A brief history of events
Following the arrival of the First Fleet in 1788 a pattern of relations developed between Aboriginal people and European settlers that would last for more than a century. Despite instructions from the British Colonial Office to treat Aboriginal people with goodwill and kindness, competition for land and resources following European expansion inevitably resulted in frontier conflict.
In response to the intensifying conflict the Colonial Administration ordered settlers to defend themselves and ordered Aboriginal people to stay away from European habitation. Aboriginal people were increasingly being viewed as a serious threat to settlers and it wasn't long before settlers took things into their own hands.
The massacre of approximately 30 Wirrayaraay people at Myall Creek on the 10 June 1838 was the culmination of a series of conflicts between settlers and Aboriginal people in the Liverpool Plains region.
The twelve men responsible for the massacre included freed and assigned convicts that had spent a day unsuccessfully pursuing Aboriginal people. When they came to Myall Creek station they discovered a group of Wirrayaraay. The Wirrayaraay were rounded up and tied together. A few minutes later they were led off and massacred. Two days later the men responsible for the massacre returned to the scene of the crime to burn the bodies.
The Myall Creek massacre was marked by a series of unusual circumstances for the time. First the massacre was reported to authorities by one of the station hands, then the Governor assigned a police magistrate to investigate the reports.
Eleven of the twelve settlers involved in the massacre were arrested for the murders but were found not guilty. Seven of the men were re-arrested and tried again. The second trial delivered a guilty verdict and the Judge sentenced all seven men to death.
On 18 December 1838, after all legal objections were exhausted and the Executive Council rejected petitions for clemency, the sentences were carried out. The hanging of the seven European settlers for their part in the Myall Creek massacre caused controversy throughout the colony. It led to heightened racial tensions and hardened settler attitudes towards Aboriginal people.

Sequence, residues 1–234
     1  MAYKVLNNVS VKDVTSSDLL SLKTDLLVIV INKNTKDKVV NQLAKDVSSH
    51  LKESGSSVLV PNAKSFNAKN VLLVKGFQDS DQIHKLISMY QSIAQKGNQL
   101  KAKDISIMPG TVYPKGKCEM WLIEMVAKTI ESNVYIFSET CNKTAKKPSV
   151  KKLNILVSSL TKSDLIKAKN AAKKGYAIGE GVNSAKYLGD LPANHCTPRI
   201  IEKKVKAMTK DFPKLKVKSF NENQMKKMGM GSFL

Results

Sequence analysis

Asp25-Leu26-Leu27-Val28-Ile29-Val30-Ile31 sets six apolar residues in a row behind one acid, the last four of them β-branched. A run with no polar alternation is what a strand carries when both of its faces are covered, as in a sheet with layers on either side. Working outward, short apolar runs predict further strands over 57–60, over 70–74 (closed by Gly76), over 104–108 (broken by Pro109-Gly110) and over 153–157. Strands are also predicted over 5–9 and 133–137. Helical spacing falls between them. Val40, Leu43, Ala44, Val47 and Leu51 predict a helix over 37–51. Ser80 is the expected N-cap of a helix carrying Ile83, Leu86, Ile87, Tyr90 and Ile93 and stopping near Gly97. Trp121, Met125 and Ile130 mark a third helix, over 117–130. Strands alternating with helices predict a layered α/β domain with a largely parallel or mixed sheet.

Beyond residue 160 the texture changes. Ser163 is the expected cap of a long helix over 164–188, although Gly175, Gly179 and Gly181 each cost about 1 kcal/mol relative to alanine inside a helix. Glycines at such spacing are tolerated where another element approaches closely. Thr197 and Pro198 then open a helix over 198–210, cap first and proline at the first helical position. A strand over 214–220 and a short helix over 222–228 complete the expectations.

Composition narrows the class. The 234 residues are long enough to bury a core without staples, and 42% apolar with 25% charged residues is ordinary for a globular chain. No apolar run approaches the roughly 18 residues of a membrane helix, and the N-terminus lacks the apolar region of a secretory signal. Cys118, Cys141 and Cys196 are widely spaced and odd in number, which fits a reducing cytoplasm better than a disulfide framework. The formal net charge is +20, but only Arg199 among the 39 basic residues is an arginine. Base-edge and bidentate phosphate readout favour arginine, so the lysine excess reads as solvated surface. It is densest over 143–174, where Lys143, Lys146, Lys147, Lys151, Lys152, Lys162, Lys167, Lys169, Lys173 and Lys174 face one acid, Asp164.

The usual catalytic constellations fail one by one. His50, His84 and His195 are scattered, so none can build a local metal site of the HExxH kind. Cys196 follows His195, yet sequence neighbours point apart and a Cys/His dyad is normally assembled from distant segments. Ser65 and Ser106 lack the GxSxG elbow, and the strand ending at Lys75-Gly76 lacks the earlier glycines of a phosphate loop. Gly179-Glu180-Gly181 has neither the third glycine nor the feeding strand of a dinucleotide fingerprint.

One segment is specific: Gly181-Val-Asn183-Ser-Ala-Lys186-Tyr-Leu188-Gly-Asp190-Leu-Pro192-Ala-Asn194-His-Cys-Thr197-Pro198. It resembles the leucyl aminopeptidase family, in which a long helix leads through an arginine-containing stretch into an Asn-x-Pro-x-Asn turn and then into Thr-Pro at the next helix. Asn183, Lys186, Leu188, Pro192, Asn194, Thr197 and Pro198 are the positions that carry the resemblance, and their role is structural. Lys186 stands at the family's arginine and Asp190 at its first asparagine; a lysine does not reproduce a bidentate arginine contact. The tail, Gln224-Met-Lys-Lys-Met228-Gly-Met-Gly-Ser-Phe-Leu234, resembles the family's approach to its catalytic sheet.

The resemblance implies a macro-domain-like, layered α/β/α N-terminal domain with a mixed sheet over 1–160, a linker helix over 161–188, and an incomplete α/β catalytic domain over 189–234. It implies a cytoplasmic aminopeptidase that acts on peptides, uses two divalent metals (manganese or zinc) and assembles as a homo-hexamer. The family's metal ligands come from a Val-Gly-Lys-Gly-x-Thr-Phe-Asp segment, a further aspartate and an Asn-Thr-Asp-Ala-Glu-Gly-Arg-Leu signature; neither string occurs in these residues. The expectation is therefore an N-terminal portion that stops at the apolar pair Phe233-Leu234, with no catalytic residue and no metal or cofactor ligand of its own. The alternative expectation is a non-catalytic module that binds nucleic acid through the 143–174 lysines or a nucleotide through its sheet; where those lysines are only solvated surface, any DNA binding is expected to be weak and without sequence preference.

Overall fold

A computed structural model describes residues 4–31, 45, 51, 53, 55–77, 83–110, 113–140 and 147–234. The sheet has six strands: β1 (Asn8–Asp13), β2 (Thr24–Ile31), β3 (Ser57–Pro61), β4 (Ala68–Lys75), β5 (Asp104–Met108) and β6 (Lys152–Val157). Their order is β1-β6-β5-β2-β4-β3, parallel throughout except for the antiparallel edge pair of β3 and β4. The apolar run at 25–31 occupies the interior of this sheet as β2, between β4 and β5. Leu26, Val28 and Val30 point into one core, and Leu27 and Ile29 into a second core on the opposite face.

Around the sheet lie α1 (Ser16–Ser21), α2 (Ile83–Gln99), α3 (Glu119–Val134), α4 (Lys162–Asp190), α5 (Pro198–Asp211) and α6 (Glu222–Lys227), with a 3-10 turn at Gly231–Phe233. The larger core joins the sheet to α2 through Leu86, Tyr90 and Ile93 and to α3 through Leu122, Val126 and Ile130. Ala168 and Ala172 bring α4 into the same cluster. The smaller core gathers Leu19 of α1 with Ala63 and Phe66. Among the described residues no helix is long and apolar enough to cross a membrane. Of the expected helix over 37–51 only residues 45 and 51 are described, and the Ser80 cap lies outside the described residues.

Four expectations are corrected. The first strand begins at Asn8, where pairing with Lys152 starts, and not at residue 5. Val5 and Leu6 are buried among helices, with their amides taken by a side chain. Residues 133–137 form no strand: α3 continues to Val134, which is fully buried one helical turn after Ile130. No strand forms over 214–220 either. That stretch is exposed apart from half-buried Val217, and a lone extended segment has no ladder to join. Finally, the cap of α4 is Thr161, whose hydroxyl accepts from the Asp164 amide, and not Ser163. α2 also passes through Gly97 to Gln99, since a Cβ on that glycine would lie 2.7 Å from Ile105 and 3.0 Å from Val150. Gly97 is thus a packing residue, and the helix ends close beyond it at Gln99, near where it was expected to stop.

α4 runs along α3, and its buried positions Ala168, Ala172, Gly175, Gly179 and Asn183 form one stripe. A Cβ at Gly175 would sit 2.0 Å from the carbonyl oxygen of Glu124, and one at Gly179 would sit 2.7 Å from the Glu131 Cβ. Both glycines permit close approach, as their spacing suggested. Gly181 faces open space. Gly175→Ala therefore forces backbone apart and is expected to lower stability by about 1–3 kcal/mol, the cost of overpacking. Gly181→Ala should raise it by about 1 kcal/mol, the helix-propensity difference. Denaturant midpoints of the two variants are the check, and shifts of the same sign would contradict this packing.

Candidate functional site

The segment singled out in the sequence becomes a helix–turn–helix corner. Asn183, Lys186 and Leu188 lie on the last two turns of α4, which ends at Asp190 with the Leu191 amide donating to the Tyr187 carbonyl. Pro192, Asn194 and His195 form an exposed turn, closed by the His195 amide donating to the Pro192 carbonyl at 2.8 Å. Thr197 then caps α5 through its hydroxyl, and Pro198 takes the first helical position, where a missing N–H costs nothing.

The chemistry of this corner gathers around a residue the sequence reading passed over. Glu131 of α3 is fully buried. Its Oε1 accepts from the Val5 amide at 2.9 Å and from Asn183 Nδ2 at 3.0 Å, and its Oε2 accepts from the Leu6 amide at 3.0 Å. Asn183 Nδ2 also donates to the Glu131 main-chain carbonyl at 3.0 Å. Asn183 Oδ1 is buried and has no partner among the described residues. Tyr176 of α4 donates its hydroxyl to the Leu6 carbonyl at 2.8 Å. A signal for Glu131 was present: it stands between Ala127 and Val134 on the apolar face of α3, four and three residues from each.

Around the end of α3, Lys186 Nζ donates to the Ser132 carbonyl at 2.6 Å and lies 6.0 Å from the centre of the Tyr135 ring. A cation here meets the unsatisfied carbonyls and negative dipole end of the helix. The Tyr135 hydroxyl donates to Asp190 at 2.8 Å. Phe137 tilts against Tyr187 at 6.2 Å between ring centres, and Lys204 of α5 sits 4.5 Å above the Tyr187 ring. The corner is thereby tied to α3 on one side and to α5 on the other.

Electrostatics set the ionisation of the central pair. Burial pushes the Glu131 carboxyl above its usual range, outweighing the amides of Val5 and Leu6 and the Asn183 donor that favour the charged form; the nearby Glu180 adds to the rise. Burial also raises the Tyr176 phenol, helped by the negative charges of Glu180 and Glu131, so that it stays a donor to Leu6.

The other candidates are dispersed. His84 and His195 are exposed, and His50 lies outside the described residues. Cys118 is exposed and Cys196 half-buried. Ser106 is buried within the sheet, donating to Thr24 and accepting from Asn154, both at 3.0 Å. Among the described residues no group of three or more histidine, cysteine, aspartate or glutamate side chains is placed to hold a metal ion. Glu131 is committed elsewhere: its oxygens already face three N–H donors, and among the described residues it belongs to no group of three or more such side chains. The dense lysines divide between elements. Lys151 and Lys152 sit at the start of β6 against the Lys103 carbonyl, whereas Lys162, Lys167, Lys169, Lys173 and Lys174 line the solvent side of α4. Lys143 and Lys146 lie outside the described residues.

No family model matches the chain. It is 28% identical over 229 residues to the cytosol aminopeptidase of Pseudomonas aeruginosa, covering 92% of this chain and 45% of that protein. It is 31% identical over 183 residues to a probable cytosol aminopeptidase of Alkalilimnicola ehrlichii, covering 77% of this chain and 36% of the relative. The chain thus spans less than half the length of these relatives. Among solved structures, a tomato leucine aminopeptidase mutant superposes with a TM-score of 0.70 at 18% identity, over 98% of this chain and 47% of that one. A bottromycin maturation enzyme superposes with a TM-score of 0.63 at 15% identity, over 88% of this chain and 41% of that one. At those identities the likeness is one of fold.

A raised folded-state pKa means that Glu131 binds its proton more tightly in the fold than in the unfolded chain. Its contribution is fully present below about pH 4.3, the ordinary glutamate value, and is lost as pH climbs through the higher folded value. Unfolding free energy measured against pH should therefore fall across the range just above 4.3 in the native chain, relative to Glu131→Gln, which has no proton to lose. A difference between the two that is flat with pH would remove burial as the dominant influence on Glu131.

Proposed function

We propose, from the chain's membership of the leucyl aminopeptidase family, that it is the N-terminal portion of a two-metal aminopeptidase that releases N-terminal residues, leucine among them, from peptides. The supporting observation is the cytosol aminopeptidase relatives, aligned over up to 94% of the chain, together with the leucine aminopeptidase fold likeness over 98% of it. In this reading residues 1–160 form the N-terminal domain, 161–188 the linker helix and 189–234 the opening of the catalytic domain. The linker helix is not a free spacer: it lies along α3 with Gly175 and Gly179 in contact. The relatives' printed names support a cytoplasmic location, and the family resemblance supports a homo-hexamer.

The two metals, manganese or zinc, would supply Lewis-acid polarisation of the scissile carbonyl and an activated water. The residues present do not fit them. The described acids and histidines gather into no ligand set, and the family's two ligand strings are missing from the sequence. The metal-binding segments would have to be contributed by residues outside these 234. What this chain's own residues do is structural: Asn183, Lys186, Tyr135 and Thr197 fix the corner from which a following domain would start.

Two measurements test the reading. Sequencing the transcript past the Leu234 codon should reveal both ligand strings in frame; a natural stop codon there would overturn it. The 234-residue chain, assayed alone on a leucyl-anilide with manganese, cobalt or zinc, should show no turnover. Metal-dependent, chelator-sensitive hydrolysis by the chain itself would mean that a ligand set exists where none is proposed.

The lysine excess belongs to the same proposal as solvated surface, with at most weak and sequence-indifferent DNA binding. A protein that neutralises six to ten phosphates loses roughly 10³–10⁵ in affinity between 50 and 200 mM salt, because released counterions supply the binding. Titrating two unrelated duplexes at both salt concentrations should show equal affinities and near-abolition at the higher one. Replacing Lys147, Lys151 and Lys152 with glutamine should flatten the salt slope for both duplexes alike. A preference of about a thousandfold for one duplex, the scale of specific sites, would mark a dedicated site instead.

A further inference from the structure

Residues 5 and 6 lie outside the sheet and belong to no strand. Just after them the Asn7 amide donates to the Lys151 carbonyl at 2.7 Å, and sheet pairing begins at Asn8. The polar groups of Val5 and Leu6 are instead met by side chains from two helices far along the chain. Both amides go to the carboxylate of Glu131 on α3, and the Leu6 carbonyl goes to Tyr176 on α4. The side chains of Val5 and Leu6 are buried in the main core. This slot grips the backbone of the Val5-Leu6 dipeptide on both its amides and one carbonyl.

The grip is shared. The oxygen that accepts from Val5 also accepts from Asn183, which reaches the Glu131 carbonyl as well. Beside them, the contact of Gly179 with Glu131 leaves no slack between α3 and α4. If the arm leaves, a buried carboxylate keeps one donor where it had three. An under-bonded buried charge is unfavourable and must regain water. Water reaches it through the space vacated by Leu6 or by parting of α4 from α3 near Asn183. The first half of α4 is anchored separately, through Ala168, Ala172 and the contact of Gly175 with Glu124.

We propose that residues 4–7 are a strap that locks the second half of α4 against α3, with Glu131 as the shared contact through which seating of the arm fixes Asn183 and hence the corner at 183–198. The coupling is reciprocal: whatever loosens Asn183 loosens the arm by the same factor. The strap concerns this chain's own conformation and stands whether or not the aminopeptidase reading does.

The significance today
The descendants of the Wirrayaraay people who were massacred at Myall Creek, and other Aboriginal people who visit the place, continue to have a strong association with the area.
Since the 1850s, the story of the massacre has been retold in a number of poems and books and has continued to remind and teach Australians about the mistreatment of Aboriginal people during the period of frontier conflict; it has also become part of Australia's reconciliation movement.
In 1998, the Uniting Church held a conference on reconciliation at Myall Creek, which led to the creation of the Myall Creek Memorial Committee. In 2000, 162 years after the massacre, the Committee opened the Myall Creek Memorial 'in an act of reconciliation and in acknowledgment of the truth of our shared history'. This memorial brought together the descendants of the victims, survivors and perpetrators of the massacre.
Today it is an annual event. Each year several hundred people gather from across Australia to attend the service and commemorate those who were killed. The Memorial Site helps unite descendants of those who were murdered and descendants of those who carried out the massacre in an act of personal reconciliation.
The bronze plaque at the Memorial Site reads:
In memory of the Wirrayaraay people who were murdered on the slopes of this ridge in an unprovoked but premeditated act in the late afternoon of 10 June 1838. Erected on 10 June 2000 by a group of Aboriginal and non-Aboriginal Australians in an act of reconciliation, and in acknowledgment of the truth of our shared history. We Remember them (Ngiyani winangay ganunga).
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